Jeff Sikich is a wildlife biologist with the National Park Service researching the impacts of urbanization and habitat fragmentation on mountain lions at Santa Monica Mountains National Recreation Area in Southern California. Jeff manages the field work for this study, one of the longest running of its kind, which informs mountain lion conservation, as well as outreach, education, and habitat conservation efforts locally and around the world. In addition to his work in California, Jeff has contributed to mountain lion research in Montana, Arizona, Nicaragua, and Peru.
Jeff was raised in northwest Indiana where his appreciation and passion for the outdoors began early in life during local fishing trips with his grandfather. He is a graduate of Indiana University with a degree in Environmental Science and Management. Over the last two decades Jeff has captured and handled over 16 carnivore species for wildlife research. His work specializes in safe capture and immobilization techniques for various large carnivores, and he has advised and trained many professionals around the world on humane capture methods. He has worked on several projects in the United States researching a variety of species, including gray wolves, black bears, lynx, coyotes, bobcats, desert tortoise, and deer, as well as studies focused on tigers in Sumatra, jaguars in Central and South America, and leopards in South Africa. His work has centered on conservation, including habitat connectivity, corridors, toxicants and human-wildlife conflict resolution.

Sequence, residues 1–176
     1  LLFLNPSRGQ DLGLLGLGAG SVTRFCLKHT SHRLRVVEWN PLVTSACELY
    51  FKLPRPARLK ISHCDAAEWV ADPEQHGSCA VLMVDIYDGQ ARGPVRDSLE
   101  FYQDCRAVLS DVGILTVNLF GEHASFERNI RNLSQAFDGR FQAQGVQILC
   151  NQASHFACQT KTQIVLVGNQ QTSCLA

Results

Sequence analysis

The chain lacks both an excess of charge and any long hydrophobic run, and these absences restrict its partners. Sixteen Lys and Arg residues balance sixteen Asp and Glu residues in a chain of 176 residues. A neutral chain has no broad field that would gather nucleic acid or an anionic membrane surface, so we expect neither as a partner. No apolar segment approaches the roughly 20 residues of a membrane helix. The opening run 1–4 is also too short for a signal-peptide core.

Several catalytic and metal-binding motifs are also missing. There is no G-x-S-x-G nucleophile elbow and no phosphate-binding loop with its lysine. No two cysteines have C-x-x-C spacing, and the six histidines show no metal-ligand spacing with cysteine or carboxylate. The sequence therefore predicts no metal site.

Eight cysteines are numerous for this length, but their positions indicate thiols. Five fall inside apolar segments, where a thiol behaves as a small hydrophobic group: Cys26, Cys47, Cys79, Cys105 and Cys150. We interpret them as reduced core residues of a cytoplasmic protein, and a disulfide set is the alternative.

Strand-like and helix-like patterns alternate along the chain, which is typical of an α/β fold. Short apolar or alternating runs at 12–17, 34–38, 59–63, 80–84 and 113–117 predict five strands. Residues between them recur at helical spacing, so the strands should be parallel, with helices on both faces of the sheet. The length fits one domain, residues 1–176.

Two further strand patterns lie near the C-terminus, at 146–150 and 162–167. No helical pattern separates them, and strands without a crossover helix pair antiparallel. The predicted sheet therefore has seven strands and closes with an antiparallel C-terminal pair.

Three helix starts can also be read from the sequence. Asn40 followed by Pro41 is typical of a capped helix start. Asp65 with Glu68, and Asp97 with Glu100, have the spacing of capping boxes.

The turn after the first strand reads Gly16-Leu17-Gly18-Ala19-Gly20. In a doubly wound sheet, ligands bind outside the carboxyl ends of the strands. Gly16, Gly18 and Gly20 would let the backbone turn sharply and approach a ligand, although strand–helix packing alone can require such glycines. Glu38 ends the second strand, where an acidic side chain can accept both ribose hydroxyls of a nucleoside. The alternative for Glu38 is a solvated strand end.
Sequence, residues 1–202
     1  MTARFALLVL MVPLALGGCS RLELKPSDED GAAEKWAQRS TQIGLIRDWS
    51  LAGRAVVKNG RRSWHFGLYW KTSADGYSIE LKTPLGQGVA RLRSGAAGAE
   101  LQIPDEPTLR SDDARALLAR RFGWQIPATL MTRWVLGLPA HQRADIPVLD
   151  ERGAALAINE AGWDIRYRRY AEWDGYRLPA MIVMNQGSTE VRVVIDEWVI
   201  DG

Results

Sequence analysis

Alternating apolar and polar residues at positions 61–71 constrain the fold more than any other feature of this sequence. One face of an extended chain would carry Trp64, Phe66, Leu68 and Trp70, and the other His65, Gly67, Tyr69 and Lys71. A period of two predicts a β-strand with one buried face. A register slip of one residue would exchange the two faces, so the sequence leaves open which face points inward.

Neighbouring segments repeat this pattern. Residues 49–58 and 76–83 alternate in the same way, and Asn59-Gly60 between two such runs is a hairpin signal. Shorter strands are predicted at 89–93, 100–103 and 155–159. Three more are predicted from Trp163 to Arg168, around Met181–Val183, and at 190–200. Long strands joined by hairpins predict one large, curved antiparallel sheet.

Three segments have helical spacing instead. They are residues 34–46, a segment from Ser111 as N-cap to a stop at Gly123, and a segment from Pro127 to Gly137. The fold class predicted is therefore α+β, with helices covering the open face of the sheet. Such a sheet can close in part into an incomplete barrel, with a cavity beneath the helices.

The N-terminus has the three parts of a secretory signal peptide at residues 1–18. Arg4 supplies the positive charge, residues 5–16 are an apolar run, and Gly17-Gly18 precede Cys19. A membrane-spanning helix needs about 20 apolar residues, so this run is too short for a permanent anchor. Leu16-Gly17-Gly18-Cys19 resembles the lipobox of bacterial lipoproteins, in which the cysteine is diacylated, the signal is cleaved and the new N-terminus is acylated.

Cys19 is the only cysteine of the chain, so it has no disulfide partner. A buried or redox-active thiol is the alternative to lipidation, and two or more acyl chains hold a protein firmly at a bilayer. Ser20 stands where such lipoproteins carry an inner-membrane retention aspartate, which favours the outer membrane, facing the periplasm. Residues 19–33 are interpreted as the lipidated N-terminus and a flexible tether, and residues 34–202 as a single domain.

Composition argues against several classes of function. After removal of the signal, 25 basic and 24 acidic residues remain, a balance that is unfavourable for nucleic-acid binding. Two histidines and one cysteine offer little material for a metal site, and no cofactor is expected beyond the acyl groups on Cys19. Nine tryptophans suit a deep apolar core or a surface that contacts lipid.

He has contributed to many scientific papers and popular articles on carnivore ecology and conservation, and his work has been featured on numerous television programs and news outlets including PBS Nature, National Geographic, 60 Minutes, the New Yorker, National Public Radio, the New York Times, and the Los Angeles Times. When he’s not in the field tracking wildlife, Jeff can be found surfing and exploring the coast and mountains along Southern and Central California.